In total, the interns created more than 21,125 square kilometres of SDB coastal products during the 12-week session. Key datasets included:

  • the entire Newfoundland coastline and three Arctic regions for MI research;
  • Timor Island in Asia and New Hanover Island in Papua New Guinea for Seabed 2030;
  • the entire Madagascar coastline off the coast of Africa for a TCarta client.

“The students took what they learned in the classroom and applied it to real projects with actual data and deadlines. They learned what they have to do to get a project completed,” said Elliott. “They therefore know what will be expected from them when they join the workforce.”

MI’s success at educating hydrography students has put it at the top of ocean mapping programmes worldwide. The Master’s programme has been recognized by the International Hydrographic Organization as one of the few to receive the S-5A standard of competence.

Success and what’s next

The internship programme succeeded on many levels. Among the most important was resetting the students’ expectations of what a future career in hydrography might look like. MI hydrography instructor, Olga Telecka, explained: “Hydrography has traditionally been a profession in which most data collection work was conducted on a ship. For many, the prospect of spending weeks or months on a boat away from home eliminated hydrography as a professional choice. But now that so much data is being collected remotely and with data analysis being performed in onshore labs, the profession offers opportunities for both maritime enthusiasts and land lovers. What [the students] learned in the internship is that hydrographers don’t necessarily need to go on a vessel to have a career in this industry, which for some is very important. This programme opens the horizon.”

Telecka added that, for MI, the course reinforced the value of academic-industry partnership. Working professionals can expose students to cutting edge technologies already being used in the commercial world before they find their way into textbooks. Based on the positive experience with TCarta, MI is considering other technologies to feature in future internships.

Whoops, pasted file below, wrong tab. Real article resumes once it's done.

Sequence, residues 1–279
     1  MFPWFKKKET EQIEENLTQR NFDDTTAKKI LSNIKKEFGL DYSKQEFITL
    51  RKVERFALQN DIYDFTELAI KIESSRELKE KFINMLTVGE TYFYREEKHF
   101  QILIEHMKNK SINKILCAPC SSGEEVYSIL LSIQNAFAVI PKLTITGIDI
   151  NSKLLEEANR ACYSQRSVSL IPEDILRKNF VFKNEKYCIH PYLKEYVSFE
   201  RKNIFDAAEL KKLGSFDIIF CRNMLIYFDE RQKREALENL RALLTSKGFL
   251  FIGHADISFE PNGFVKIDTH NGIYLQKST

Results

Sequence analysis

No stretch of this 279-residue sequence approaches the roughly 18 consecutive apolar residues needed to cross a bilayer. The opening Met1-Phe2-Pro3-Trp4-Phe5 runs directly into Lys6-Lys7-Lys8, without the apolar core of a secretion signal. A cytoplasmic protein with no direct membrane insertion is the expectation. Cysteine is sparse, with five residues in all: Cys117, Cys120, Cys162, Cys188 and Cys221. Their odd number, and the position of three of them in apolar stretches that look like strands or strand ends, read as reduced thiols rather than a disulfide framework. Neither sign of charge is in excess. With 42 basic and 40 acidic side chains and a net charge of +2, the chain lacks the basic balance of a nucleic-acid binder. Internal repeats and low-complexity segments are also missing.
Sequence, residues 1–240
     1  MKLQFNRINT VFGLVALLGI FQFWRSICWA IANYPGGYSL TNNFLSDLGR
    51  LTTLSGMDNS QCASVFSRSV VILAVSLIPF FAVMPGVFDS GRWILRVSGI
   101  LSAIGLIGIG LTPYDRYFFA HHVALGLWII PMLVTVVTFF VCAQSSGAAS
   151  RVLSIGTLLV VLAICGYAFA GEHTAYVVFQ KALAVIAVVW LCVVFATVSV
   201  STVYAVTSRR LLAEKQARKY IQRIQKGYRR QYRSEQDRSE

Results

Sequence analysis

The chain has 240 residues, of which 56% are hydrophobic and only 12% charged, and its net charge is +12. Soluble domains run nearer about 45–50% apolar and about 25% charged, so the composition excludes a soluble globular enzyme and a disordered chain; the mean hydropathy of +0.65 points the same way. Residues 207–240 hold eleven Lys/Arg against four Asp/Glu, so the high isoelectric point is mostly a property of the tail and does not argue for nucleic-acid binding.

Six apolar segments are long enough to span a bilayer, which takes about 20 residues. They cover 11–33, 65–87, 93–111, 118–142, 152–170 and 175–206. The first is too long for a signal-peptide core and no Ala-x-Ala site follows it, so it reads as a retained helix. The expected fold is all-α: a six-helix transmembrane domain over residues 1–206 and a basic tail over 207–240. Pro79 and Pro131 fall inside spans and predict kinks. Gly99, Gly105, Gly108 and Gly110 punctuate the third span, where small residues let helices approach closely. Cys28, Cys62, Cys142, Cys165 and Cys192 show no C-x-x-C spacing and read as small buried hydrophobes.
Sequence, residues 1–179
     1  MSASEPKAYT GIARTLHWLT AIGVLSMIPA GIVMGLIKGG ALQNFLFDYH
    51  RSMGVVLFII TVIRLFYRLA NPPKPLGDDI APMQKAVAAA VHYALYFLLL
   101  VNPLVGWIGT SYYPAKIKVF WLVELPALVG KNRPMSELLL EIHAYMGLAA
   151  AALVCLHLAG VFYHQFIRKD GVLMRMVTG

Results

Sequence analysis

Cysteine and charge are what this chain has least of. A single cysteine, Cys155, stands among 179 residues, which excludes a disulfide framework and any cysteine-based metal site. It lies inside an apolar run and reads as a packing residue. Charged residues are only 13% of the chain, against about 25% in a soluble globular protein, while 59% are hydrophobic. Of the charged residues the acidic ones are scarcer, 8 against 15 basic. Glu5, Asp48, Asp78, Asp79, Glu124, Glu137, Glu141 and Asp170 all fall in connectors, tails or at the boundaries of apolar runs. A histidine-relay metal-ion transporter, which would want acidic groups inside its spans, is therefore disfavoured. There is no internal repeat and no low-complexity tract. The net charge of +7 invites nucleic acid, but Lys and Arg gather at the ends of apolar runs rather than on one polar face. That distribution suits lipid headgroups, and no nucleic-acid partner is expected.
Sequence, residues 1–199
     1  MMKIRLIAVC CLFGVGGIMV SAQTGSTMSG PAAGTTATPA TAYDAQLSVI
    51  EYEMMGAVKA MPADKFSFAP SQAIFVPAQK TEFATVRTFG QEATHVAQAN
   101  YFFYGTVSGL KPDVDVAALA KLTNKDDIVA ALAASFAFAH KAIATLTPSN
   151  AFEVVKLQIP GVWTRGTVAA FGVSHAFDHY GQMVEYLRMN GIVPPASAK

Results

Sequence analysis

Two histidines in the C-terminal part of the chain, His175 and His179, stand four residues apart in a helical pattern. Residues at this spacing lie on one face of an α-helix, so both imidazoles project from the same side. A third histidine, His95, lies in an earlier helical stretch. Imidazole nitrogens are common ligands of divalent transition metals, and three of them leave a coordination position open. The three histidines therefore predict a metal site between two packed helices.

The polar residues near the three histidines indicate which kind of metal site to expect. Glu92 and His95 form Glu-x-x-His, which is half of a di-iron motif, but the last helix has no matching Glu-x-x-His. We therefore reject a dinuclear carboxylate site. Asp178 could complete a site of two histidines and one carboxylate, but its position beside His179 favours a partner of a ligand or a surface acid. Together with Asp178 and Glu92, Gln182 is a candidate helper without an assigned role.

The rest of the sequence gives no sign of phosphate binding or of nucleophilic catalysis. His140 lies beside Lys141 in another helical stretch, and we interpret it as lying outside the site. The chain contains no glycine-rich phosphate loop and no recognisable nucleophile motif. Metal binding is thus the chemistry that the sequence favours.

TCarta is working closely with MI to refine the SDB programme and sponsor it again next summer. “The programme showed us that a non-distracted group of new-to-SDB people could take a new technology in a short time period and produce solid, professional work – as students,” said TCarta’s Goodrich. “The students performed better than we anticipated, impressing us with their eagerness and interest in improving the new processes they were learning.”

The internship organizers hope that the internship format will provide a template for other academic programmes and private sector companies to introduce hydrography students to the latest technologies, helping them to understand the full breadth of the profession and making it more appealing in the process. While the internship succeeded in preparing students to become hydrographers of the future, Goodrich noted, the hydrography industry still has much work to do in attracting more students to the discipline. He challenges private sector colleagues and academics to do more to promote hydrography and ocean mapping to young people long before they reach university.

For universities, the key is collaboration. MI’s Elliott recommended that academic institutions look for partners in the commercial world to partner with, as his did with TCarta to help make the transition to the working world easier for the students.

TCarta SDB summer interns learned and deployed an entire suite of SDB skills and workflows, including ICESat-2 selection for calibration and validation, SDB production and evaluation using multiple tools and resources such as nautical charts, and 3D point cloud editing.